Background Agents - Part 2 of 3

Background Agents - Part 2 of 3

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In Part 1 we looked at a simple Windows Phone application that used a background agent to periodically show a toast and / or update a tile when a new tweet was found for a particular search term. The code we are discussing in this post can be found at the end of that post.

Part of the contract of a background agent is that you must call NotifyComplete or Abort exactly once when your agent has completed processing. This is pretty easy if you have a sequential set of synchronous steps to complete, like reading and writing from IsoStore, but it is harder when you have one or more asynchronous operations or when you need to throw work over to the Dispatcher thread, since you can't rely on things like try-catch blocks to handle errors.

It's possible (but not desirable) to try and serialize the asynchronous operations with simple WaitHandle operations, but doing that might mean you run out of your agent runtime before all the operations complete. Better to do them in parallel, and then have a simple way of waiting until they have all completed (successfully or otherwise) and then calling NotifyComplete / Abort as necessary.

Such was the case with the Twitter background agent. It performs network downloads to get tweets from twitter.com, and it also needs to dispatch to the UI thread to compose the background tile image. Initially I used a ManualResetEvent and did something like this:

ManualResetEvent evt;

// Main agent code
void AgentCode()
{
  evt = new ManualResetEvent(false);

  DoAsyncWork();
  evt.WaitOne();

  evt.Reset();
  DoMoreAsyncWork();
  evt.WaitOne();

  NotifyComplete();
}

void DoAsyncWork()
{
  // Lots of work on another thread...

  evt.Set();
}

void DoMoreAsyncWork()
{
  // Lots of work on another thread...

  evt.Set();
}

It works, but it's not terribly efficient. We could be doing the second bit of async work at the same time as the first one, especially if they both involve something like network access that spends most of its time waiting for bits anyway. What we need is a helper library to let us queue up a bunch of async work, set it all free, and then wait for them all to report done-ness. Now, you could consider using the Async CTP, but it's still a "technology preview" (ie, not a shipping product) and it has issues with background agents right now because the helper library references XNA (which is a no-no for agents).

Enter the AsyncWorkloadHelper library!

The AsyncWorkloadHelper library

The background agent project contains a library named AsyncWorkloadHelper. It is pretty simple; the public API looks like this:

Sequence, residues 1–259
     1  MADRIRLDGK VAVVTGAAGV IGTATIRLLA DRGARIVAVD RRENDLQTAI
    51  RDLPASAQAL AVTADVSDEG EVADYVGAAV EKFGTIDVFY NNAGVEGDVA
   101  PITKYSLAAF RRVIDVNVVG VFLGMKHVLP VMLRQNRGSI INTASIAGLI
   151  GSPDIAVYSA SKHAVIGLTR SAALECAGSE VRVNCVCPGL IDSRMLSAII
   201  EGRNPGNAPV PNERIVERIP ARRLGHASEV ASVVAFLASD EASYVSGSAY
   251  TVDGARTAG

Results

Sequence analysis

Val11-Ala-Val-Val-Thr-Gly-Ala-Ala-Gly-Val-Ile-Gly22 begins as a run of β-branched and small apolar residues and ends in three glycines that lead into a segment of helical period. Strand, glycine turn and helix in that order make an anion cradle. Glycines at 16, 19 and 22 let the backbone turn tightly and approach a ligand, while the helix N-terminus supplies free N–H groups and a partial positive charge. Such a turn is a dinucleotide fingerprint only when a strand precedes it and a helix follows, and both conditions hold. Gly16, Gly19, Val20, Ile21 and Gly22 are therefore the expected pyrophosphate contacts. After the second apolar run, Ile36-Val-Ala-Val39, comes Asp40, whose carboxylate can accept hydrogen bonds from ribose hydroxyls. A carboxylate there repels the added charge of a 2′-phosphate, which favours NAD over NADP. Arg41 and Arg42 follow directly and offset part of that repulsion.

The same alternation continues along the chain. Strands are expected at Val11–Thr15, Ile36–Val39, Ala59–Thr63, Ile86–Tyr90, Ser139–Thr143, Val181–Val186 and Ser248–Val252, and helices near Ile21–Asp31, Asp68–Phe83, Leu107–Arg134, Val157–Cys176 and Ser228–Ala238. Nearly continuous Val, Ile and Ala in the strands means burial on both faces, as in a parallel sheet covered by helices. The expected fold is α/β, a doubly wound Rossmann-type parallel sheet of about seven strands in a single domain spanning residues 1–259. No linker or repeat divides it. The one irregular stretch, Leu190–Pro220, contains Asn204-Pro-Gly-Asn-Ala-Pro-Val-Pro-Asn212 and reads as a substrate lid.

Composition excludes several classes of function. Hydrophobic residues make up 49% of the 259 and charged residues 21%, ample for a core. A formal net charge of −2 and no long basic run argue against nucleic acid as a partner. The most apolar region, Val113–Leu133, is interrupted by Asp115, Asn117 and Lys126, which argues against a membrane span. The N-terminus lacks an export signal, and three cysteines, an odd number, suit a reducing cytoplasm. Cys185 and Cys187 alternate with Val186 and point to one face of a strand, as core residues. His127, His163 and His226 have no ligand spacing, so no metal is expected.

image

Both classes are generic and require two types:

  • TParam, the type of the parameter that you will pass to your async methods. Use object if you have varying parameter types
  • TResult, the type of the return value of the async methods. Again, use object if you have varying return types

Using the library is very simple; here's some code from the twitter agent itself that generates live tile background images:

// Asynchronously generate the bitmap images (front and back)
var workManager = new AsyncWorkManager<ExtendedTileData, string>();
var backgroundImageWorker = workManager.AddWorkItem(GetBackgroundImage, tileData);
var backBackgroundImageWorker = workManager.AddWorkItem(GetBackBackgroundImage, tileData);

// Wait for the async operations to complete
workManager.WaitAll();

// Set the front of the tile
if (backgroundImageWorker.Error == null)
  data.BackgroundImage = new Uri(ISOSTORE_SCHEME + backgroundImageWorker.Result);
else
  data.BackgroundImage = EMPTY_URI;

It's pretty self-explanatory:

  1. Create an instance of the AsyncWorkManager with the appropriate types parameters
  2. Call AddWorkItem for each work item you intend to execute
    • The first parameter is the delegate that will do the work
    • The second parameter is the parameter to pass to the method
    • The return value is a WorkloadInfo object you will use later
  3. Call WaitAll to wait for them all to complete (there's also a version with a timeout if you don't want to wait indefinitely)
    • You could also listen for the WorkComplete event if you like
  4. Once work is done, check the Error property of the WorkloadInfo
    • If it is null, the result is valid and you can get it via the Result property
    • Otherwise, you can do something with the Error itself